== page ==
What does the Lord require? First we need to bring a biblical mind to the situation we face. None of us looked for this crisis and we may be tempted to think we can get back to a time when the life of our communion ran along more predictable and familiar lines. But that is an illusion. Faith is not escapism, but facing things as they are in the confidence that God will act. The crisis we face is also an opportunity. Its origin can be traced back many years. The unprecedented challenges to Anglican identity forced upon us by the revisionist scriptural interpretation have in the mercy of God, given us an historic opportunity to rediscover the distinctive reformed catholicity of our Communion as shaped so profoundly by the witness of the sixteenth century Anglican Reformers.
Trusting God’s providence, we can be confident that in God’s own time He is putting right what has been going wrong, but He takes us up into His purposes and if we are to understand the implications of this crisis for the recovery and renewal of Anglican identity, we must first be clear on what sort of crisis it is.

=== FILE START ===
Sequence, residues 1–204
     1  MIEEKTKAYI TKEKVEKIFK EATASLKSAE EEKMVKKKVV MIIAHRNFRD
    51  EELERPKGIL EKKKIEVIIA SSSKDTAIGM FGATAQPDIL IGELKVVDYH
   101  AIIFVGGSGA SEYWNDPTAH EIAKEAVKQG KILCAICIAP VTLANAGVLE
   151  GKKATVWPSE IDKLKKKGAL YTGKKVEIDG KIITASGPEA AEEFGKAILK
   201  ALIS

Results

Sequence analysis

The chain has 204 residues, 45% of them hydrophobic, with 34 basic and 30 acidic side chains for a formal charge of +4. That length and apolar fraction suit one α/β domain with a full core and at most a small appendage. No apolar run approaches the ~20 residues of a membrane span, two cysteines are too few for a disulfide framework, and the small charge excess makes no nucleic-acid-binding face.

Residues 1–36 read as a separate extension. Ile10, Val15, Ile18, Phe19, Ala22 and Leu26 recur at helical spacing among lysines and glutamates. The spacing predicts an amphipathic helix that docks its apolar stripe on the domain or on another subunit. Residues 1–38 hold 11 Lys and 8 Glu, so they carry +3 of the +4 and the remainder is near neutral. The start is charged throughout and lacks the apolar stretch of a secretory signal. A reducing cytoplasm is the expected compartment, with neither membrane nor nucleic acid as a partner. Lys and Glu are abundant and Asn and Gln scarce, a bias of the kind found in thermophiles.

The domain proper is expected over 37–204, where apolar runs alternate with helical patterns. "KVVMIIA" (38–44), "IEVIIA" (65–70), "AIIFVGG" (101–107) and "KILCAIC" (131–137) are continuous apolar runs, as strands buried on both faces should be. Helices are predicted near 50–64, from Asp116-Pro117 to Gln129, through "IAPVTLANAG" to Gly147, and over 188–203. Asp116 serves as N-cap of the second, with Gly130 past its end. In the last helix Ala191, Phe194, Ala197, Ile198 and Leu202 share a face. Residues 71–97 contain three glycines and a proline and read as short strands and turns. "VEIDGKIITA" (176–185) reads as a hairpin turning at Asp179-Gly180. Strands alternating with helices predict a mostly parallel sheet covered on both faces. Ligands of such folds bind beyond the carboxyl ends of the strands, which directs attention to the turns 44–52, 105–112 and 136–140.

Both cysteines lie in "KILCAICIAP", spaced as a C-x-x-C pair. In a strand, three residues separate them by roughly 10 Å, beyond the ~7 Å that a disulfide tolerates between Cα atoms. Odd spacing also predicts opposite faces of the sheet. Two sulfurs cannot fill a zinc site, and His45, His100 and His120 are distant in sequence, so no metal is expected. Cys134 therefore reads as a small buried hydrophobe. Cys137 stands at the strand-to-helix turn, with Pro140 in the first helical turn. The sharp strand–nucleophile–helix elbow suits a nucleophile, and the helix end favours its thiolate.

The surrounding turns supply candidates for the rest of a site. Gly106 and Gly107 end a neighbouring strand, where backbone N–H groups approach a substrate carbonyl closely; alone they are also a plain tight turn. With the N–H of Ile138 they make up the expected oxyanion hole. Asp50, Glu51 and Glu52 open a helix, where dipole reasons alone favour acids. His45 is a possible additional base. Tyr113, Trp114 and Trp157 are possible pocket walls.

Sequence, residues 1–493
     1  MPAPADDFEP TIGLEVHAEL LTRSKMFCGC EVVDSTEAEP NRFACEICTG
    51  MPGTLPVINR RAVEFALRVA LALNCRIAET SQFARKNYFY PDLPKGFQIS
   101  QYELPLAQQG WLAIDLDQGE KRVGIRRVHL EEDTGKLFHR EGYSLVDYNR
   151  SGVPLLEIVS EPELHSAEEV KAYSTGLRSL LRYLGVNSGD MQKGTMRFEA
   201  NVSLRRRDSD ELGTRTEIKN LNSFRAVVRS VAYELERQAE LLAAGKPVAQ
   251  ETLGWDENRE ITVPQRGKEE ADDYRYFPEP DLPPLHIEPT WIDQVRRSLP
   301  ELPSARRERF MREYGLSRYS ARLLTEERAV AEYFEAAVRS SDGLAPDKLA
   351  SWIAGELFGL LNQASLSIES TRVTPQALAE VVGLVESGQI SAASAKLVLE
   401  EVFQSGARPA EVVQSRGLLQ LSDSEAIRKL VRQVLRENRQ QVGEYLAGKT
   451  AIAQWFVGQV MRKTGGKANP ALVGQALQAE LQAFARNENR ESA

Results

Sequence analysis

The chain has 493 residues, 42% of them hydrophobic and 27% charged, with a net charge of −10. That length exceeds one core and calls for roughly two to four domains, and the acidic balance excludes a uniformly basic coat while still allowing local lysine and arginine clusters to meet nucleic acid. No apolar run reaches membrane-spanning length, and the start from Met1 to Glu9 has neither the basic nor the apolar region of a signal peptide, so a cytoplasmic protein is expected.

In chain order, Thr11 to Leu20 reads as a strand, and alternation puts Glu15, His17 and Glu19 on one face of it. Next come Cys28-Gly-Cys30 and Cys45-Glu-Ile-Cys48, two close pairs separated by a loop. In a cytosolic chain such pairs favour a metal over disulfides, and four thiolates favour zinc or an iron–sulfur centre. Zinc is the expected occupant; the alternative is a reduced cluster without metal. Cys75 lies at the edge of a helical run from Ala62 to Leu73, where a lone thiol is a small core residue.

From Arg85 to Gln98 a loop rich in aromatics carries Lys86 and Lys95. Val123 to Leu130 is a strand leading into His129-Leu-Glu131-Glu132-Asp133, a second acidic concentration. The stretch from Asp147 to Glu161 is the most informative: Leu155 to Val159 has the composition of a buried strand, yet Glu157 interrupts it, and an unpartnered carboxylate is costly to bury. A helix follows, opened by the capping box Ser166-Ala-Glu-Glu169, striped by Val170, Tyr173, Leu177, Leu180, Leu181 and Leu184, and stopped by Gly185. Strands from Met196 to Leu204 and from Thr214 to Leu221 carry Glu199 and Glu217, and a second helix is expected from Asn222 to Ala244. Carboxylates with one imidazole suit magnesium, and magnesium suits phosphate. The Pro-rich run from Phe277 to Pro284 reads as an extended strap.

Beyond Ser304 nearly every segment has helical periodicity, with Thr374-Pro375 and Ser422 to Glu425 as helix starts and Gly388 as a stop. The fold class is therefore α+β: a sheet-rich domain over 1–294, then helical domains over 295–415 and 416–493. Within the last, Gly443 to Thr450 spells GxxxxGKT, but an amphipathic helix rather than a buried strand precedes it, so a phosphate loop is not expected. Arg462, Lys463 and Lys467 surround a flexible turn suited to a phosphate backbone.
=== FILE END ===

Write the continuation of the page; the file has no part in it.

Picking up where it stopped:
We cannot treat this as simply an institutional crisis. The breakdown of the existing governance structures of the Anglican Communion is a symptom of a deeper problem. It is now generally recognized that the instruments of Unity eg. The Primates Meeting, the Anglican Consultative Council, the Lambeth conference… no longer command general confidence.
Subsequently, when the Global South Movement Primates gathered in China last September felt compelled to state in a communiqué that;
‘the Anglican Communion’s instruments of Unity have become dysfunctional and no longer have the ecclesial and moral authority to hold the communion together’.